Other popular Canon PowerShots:
Canon PowerShot SX740 HS review
Canon PowerShot SX70 HS review

(Image credit: Canon)

A pocket-sized camera with a flip-over screen for selfies and vlogging

Specifications
Type: Compact
Sensor: 1in
Megapixels: 20.1MP
Lens: 24-100mm (equiv.) f/1.8-2.8
LCD: 3in tilting touchscreen, 1,040k dots
Maximum continuous shooting speed: 30fps
Max video resolution: 4K UHD
User level: Beginner to intermediate
Reasons to buy
+Uncropped 4K with livestreaming+Large-aperture zoom lens
Reasons to avoid
-A little pricey-No viewfinder

When the Canon PowerShot G7 X Mark II proved unexpectedly popular with the vlogging community, Canon went all in and produced the G7 X Mark III, adding full uncropped 4K video and a 3.5mm microphone port. These features beautifully complimented lots of the strengths of the Mark II, which included a flip-out screen and a beautiful 24-100mm equivalent f/1.8-2.8 lens, making for an extremely solid all-around compact that'll do everything most vloggers need it to, and indeed many photographers, though the lack of an eye-level viewfinder is a bit of a shame. The Mark III is arguably still a little expensive, but if you can afford the outlay, you'll find it an extremely capable compact for video and stills alike.

(Image credit: Canon)

DSLR image quality in a compact body

Specifications
Type: Compact
Sensor: APS-C
Megapixels: 24.2MP
Lens: 24-72mm (equiv.) f/2.8-5.6
LCD: 3in vari-angle touchscreen, 1.04 million dots
Maximum continuous shooting speed: 7fps
Max video resolution: 4K UHD
User level: Enthusiast/expert
Reasons to buy
+Very compact for sensor size+Excellent image quality
Reasons to avoid
-Limited zoom range-Powered zoom mechanism

It might be pretty expensive for a compact camera, but the PowerShot G1 X Mark III manages to squeeze in the same 24-megapixel APS-C sensor in its compact body as you'll find in a lot of Canon EOS DSLRs and EOS M mirrorless cameras. What's more, it's also managed to equip the PowerShot G1 X Mark III with a pretty decent standard zoom, ranging from 24-72mm. It might be pretty modest for some tastes, but thanks to the fast maximum aperture of f/2.8 at the wide end, it makes it a pretty versatile option. There's also a decent electronic viewfinder and large touchscreen at the rear, while the handling is very nicely sorted, making this a great premium compact camera.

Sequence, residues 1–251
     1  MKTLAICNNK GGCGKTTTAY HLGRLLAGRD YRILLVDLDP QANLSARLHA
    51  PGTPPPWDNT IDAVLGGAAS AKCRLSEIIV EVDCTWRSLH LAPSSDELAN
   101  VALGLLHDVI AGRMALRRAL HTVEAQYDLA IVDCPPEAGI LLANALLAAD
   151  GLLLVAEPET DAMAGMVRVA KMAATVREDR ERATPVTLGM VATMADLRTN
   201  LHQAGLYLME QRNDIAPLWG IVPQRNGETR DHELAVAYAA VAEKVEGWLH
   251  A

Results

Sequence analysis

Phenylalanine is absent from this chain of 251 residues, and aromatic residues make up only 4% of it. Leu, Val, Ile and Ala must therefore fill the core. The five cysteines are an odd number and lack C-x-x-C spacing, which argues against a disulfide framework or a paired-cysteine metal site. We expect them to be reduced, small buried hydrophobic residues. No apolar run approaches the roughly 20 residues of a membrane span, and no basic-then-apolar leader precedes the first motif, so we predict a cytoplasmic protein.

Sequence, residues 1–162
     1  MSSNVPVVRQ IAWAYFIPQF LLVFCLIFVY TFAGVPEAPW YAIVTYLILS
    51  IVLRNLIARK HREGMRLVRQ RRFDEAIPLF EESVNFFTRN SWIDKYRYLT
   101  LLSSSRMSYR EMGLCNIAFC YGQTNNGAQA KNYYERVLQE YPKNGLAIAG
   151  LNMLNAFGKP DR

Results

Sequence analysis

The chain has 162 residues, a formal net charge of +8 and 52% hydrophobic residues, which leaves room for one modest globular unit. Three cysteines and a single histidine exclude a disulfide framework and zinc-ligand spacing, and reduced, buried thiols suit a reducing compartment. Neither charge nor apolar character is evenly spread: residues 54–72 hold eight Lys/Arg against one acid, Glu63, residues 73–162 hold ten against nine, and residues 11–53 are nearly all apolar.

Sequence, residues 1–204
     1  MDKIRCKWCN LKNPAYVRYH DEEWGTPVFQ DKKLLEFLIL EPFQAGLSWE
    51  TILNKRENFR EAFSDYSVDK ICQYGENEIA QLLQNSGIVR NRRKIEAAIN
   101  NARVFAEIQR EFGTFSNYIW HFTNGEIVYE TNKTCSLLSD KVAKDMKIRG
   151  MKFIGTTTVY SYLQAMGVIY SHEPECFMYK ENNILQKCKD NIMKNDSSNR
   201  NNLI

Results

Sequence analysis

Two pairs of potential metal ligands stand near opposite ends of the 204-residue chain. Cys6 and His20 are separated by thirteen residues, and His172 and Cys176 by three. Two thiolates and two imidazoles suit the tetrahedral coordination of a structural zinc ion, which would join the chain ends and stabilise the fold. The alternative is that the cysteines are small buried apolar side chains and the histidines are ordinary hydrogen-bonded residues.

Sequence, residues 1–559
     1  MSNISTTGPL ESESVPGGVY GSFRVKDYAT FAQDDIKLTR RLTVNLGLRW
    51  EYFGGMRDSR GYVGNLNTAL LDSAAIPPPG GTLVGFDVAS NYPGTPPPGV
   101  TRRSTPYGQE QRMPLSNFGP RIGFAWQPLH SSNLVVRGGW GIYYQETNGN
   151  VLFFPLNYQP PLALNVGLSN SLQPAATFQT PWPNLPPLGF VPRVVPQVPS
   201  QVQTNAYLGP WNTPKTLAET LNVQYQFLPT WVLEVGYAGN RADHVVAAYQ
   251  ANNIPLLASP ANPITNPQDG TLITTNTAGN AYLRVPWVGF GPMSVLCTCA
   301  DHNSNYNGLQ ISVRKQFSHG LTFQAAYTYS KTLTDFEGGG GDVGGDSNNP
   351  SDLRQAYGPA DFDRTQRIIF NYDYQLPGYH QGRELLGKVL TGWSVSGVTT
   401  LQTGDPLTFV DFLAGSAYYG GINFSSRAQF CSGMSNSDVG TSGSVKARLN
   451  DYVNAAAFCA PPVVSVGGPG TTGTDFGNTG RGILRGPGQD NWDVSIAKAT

PhotoPlus: The Canon Magazine

PhotoPlus: The Canon Magazine is the world's only monthly newsstand title that's 100% devoted to Canon, so you can be sure the magazine is completely relevant to your Canon camera system. Every issue comes with free video tutorials and free ebook. Don't miss our Autumn / Fall subscription deal – you can get 3 issues for just £3 / $3.  

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James Artaius

The editor of Digital Camera World, James has 21 years experience as a magazine and web journalist and started working in the photographic industry in 2014 (as an assistant to Damian McGillicuddy, who succeeded David Bailey as Principal Photographer for Olympus). In this time he shot for clients as diverse as Aston Martin Racing, Elinchrom and L'Oréal, in addition to shooting campaigns and product testing for Olympus, and providing training for professionals. This has led him to being a go-to expert for camera and lens reviews, photographic and lighting tutorials, as well as industry analysis, news and rumors for publications such as Digital Camera MagazinePhotoPlus: The Canon MagazineN-PhotoDigital Photographer and Professional Imagemaker, as well as hosting workshops and demonstrations at The Photography Show. An Olympus (Micro Four Thirds) and Canon (full frame) shooter, he has a wealth of knowledge on cameras of all makes – and a particular fondness for vintage lenses and film cameras.